Seattle, WA - Timber harvests in Russia were close to 190 million m3 in 2017, as
estimated by WRI based on forest industry production, log usage and net exports of logs.
The derived timber harvest was up approximately 6.2% from 2016 primarily due to higher
log consumption by the softwood sawmilling sector and the pellet industry. Domestic log
demand in Russia has been on a steady upward trajectory over the past decade, while the
exportation of logs has declined. The largest log-consuming sectors in 2017 were softwood
sawmills (60% of domestic log usage) and pulp (17%).
Russia’s total harvest reached an estimated 190 million m3, six percent higher than the
previous year. Practically all of the increase was in Russia’s eastern provinces.
The provinces of Siberia and Russia Far East are the only regions in Russia where timber
harvests have gone up during the past five years, according to the government agency
Rosstat. This has been driven by substantial investments in forest industry production in
the region, predominantly in the sawmilling sector. From 2013 to 2017, harvest volumes
in Eastern Russia were up 30%, while they remained practically unchanged in
Northwestern Russia and fell in the Central provinces of the country.
The expansion of the forest industry in Eastern Russia has been driven by demand for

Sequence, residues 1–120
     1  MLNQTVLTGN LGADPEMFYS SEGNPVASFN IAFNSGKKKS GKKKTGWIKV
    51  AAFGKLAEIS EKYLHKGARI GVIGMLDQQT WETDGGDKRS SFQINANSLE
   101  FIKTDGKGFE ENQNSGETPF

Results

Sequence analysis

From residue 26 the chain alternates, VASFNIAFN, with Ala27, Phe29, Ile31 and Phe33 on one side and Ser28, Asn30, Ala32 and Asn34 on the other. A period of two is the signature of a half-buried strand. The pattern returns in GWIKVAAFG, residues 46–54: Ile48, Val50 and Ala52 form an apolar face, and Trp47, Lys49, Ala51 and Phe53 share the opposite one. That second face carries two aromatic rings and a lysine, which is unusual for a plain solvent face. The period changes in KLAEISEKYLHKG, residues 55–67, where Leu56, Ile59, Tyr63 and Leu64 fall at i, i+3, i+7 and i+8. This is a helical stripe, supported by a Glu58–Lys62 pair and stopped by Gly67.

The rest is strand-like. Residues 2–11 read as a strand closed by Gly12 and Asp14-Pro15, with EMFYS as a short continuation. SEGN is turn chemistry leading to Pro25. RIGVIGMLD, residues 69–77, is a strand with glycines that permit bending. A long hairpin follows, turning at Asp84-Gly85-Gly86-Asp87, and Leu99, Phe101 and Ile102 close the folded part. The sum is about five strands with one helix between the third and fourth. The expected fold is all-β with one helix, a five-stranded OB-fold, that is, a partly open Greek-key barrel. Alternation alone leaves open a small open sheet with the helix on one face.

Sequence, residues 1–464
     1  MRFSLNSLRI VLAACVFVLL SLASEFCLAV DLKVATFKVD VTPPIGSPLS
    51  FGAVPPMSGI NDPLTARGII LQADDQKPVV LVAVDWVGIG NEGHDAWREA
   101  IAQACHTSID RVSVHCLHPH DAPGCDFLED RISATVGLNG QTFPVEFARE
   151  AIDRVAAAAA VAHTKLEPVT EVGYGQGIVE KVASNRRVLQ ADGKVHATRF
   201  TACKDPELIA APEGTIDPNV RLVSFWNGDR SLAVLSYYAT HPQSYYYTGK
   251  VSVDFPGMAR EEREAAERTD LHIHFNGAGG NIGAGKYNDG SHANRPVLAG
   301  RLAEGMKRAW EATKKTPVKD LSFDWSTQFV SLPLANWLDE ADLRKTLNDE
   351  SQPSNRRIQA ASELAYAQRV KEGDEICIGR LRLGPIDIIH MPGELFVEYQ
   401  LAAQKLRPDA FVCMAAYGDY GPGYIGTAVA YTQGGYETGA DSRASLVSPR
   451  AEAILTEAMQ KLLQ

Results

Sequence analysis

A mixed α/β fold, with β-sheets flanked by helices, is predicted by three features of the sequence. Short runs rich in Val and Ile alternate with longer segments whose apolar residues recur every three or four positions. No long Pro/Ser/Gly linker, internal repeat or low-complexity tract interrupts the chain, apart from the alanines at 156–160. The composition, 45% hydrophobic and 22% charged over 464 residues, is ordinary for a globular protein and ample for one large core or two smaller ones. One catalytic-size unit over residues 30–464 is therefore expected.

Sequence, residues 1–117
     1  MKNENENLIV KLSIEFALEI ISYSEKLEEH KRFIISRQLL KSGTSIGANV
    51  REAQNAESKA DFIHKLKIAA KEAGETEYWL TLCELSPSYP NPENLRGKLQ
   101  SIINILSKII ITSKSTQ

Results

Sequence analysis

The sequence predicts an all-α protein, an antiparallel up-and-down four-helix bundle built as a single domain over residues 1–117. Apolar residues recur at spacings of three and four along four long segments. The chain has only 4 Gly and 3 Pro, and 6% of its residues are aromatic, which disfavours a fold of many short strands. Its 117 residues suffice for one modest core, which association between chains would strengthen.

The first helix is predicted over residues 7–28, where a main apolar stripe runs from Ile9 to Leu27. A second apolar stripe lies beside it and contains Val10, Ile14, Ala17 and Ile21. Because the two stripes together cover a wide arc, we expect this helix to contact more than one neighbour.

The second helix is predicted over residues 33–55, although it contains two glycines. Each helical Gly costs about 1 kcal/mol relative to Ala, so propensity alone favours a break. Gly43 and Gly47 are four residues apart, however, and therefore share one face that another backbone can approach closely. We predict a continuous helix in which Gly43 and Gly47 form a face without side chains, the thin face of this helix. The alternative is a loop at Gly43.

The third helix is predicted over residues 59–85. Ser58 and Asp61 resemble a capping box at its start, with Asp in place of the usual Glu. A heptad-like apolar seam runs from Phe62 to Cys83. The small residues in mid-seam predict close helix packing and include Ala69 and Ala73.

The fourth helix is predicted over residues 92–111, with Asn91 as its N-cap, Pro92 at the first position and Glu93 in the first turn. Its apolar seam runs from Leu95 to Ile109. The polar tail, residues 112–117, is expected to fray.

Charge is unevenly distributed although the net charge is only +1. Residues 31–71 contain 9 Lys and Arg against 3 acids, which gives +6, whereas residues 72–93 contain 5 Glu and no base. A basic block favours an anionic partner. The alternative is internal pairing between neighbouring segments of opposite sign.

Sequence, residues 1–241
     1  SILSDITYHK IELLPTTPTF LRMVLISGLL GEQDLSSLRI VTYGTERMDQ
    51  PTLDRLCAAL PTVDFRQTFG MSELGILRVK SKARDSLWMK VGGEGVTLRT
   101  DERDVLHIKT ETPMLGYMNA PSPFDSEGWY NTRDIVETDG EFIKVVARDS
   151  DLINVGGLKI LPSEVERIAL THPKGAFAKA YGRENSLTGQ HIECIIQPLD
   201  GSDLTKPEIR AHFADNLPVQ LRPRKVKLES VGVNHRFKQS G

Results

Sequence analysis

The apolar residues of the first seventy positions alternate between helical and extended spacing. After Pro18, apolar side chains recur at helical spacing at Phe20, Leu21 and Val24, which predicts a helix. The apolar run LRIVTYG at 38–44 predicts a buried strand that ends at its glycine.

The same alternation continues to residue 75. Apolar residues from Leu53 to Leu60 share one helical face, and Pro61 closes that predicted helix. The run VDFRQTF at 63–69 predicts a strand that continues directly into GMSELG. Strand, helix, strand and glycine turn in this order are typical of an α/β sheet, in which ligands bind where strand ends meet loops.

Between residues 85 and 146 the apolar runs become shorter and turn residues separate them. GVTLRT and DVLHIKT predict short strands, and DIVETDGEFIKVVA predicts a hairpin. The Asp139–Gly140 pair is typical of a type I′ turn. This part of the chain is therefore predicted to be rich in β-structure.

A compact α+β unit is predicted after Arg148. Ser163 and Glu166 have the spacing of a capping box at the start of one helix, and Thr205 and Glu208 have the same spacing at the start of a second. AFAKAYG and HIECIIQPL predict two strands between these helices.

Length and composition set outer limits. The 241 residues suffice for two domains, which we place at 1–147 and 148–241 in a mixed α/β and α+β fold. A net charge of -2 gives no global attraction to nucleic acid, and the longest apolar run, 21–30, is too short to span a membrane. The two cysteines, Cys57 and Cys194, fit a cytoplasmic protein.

lumber in China. Although the Chinese forest industry has a history of importing logs for
its raw-material needs due to a lack of domestic sources, the trend over the last ten years
has been towards the importation of softwood lumber rather than logs. Chinese importers
have gradually shifted their historical preference for logs away from the Russian Federation
towards New Zealand and instead are importing softwood lumber from their forest-rich
neighbour in the north, according to the Wood Resource Quarterly. The percentage of
lumber as a share of total log and lumber volume (in roundwood equivalents) has gone up
from 58% in 2014 to almost 80 % in 2018.
In the coming years it is expected that most of the investments in Russia’s forest industry
will continue to occur in Siberia and the Far East to meet continued rising demand for
lumber, plywood and pulp in China.
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